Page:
The Kiddle opinion cited authorities to the effect that an option to purchase land at a fixed price does not constitute an "interest" in the real estate. In the light of our opinion in Commonwealth, Department of Highways v. Sherrod, Ky., 367 S.W.2d 844, this indicates an unworkable approach to the problem. Much difficulty has been encountered in the past by first undertaking to determine if a particular right in land (other than fee ownership) constituted an interest therein, and then attempting to ascertain its value and the damages sustained. A better approach is to first ascertain whether the existence of the right affects the market value of the land if sold subject thereto. If, at the time of condemnation, any outstanding right enforceable against the owner of the fee reduces the market value of his title, it is such an interest that the owner of the right must be compensated for its taking or impairment. Thus the nature of the interest is not the controlling factor.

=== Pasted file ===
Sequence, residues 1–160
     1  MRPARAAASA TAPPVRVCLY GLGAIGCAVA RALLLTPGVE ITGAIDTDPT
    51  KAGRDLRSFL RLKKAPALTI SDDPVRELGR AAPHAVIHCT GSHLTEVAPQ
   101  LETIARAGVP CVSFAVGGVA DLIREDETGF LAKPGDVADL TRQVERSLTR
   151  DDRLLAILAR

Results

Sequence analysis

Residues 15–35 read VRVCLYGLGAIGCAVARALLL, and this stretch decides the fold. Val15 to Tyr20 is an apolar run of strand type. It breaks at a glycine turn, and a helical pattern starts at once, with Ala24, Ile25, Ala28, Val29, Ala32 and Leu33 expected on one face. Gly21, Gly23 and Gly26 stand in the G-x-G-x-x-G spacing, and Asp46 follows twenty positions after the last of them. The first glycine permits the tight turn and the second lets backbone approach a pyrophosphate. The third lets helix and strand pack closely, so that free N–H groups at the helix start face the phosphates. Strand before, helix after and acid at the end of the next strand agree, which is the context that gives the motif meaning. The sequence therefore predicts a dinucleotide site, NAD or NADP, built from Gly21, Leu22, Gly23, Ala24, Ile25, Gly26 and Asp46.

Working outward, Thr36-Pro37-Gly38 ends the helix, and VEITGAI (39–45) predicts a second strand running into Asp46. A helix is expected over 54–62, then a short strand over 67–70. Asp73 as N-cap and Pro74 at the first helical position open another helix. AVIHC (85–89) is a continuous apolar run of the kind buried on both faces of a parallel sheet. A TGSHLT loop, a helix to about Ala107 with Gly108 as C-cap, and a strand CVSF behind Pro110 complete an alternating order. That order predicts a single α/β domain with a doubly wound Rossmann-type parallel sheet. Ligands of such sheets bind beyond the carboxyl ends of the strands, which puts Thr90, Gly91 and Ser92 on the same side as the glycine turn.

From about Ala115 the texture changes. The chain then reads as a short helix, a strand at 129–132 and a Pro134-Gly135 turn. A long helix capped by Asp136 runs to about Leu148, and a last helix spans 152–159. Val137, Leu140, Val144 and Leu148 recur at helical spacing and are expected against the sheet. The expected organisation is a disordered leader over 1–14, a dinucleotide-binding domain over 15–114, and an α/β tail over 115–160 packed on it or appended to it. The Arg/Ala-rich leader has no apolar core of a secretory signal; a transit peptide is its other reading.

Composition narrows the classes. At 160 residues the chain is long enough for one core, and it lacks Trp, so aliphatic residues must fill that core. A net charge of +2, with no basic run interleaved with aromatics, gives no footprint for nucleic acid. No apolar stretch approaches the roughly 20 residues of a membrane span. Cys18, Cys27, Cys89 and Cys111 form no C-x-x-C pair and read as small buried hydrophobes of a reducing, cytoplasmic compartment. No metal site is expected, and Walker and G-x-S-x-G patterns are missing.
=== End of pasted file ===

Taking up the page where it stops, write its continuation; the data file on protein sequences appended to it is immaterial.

The basic measure of damages in condemnation proceedings must of necessity be anchored to the fair or reasonable market value of the land (that is, a particular tract) being taken. To slip this anchor means drifting on unchartered seas which leads to speculative valuation involving special uses and potential business profits. *313 While the ideal of absolutely "just compensation" cannot always be reached, there must be legal rules which insure the fairest practical result to both the condemnor and the condemnee. Market value of land, as land, has from time immemorial proven the most practical basis for the measurement of damages in condemnation cases. See United States v. 12.75 Acres of Land, D.C., 95 F. Supp. 998.